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The Death of Ivan Ilyichby Leo Tolstoy
Synopses & Reviews
In the large building housing the Law Courts, during a recess in the Melvinsky proceedings, members of the court and the public prosecutor met in the office of Ivan Egorovich Shebek, where the conversation turned on the celebrated Krasov case. Fyodor Vasilyevich vehemently denied that it was subject to their jurisdiction, Ivan Egorovich clung to his own view, while Pyotr Ivanovich, who had taken no part in the dispute from the outset, glanced through a copy of the News that had just been delivered.
"Gentlemen " he said. "Ivan Ilyich is dead."
"Here, read this," he said to Fyodor Vasilyevich, handing him the fresh issue, still smelling of printer's ink.
Framed in black was the following announcement: "With profound sorrow Praskovya Fyodorovna Golovina informs relatives and acquaintances that her beloved husband, Ivan Ilyich Golovin, Member of the Court of Justice, passed away on the 4th of February, 1882. The funeral will be held on Friday at one o'clock."
Ivan Ilyich had been a colleague of the gentlemen assembled here and they had all been fond of him. He had been ill for some weeks and his disease was said to be incurable. His post had been kept open for him, but it had been speculated that in the event of his death Alekseev might be appointed to his place and either Vinnikov or Shtabel succeed Alekseev. And so the first thought that occurred to each of the gentlemen in this office, learning of Ivan Ilyich's death, was what effect it would have on their own transfers and promotions or those of their acquaintances.
"Now I'm sure to get Shtabel's post or Vinnikov's," thought Fyodor Vasilyevich. "It was promised to me long ago, and the promotion will mean an increase of eight hundred rubles in salary plus an allowance for office expenses."
"I must put in a request to have my brother-in-law transferred from Kaluga," thought Pyotr Ivanovich. "My wife will be very happy. Now she won't be able to say I never do anything for her family."
"I had a feeling he'd never get over it," said Pyotr Ivanovich. "Sad."
"What, exactly, was the matter with him?"
"The doctors couldn't decide. That is, they decided, but in different ways. When I last saw him, I thought he would recover."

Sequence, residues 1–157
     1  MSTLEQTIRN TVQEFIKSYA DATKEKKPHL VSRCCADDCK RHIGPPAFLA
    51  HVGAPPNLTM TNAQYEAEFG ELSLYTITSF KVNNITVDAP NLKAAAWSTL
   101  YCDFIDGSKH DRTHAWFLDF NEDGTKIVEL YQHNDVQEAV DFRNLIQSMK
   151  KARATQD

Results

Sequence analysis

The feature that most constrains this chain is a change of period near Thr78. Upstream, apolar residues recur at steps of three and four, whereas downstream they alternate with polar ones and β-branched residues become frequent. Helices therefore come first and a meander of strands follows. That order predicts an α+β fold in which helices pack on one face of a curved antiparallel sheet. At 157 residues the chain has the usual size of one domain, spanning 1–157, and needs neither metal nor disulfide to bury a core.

"And I haven't been there since the holidays. I kept meaning to go."
"Was he a man of any means?"
"His wife has a little something, I think, but nothing much."
"Well, there's no question but that we'll have to go and see her. They live so terribly far away."
"From you, that is. From your place, everything's far away."
"You see, he just can't forgive me for living on the other side of the river," said Pyotr Ivanovich, smiling at Shebek. And with that they began talking about relative distances in town and went back to the courtroom.
In addition to the speculations aroused in each man's mind about the transfers and likely job changes this death might occasion, the very fact of the death of a close acquaintance evoked in them all the usual feeling of relief that it was someone else, not they, who had died.
"Well, isn't that s
Ivan Ilych, a peaceful public official in the Russian provinces, has his life permanently changed by a serious illness which no doctor can accurately diagnose. Hailed as one of the world's supreme masterpieces on the subject of death and dying, The Death of Ivan Ilyich is the story of a worldly careerist, a high court judge who has never...
About the Author
Count Leo Nikolaevich Tolstoy displayed an extraordinary duality of character in a life filled with deep contradictions. He was born to an artistocratic Russian family on Sept. 9, 1828. His parents died when he was young, and he was raised by several female relatives. In 1844 he entered the University of Kazan, remaining there only three years. At the age of 23, Tolstoy joined the Russian Army and fought in the Crimean War. While still in the service, his first published story appeared, a largely autobiographical work called Childhood (1852). Tolstoy returned to his estate in 1861 and and established a school for peasant children there. In 1862, he married Sofia Behrs and gradually abandoned his involvement with the school. The next fifteen years he devoted to managing the estate, raising his and Sofia's large family, and writing his two major works, War and Peace (1865-67) and Anna Karenina (1875-77). During the latter part of this fifteen-year period, Tolstoy found himself growing increasingly disenchanted with the teachings of the Russian Orthodox Church. In the ensuing years, Tolstoy formulated for himself a new Christian ideal, the central creed of which involved nonresistance to evil; he also preached against the corrupt evil of the Russian state, of the need for ending all violence, and of the moral perfectibility of man. He continued to write voluminously, primarily nonfiction, but also other works, such as The Death of Ivan Ilyich (1886). In 1910, still unable to reconcile the differences in the lives led by the aristocracy and the simpler existence he craved, Tolstoy left the estate. He soon fell ill and was found dead on a cot in a remote railway station. He was buried on his estate at Yasnaya Pulyana.?
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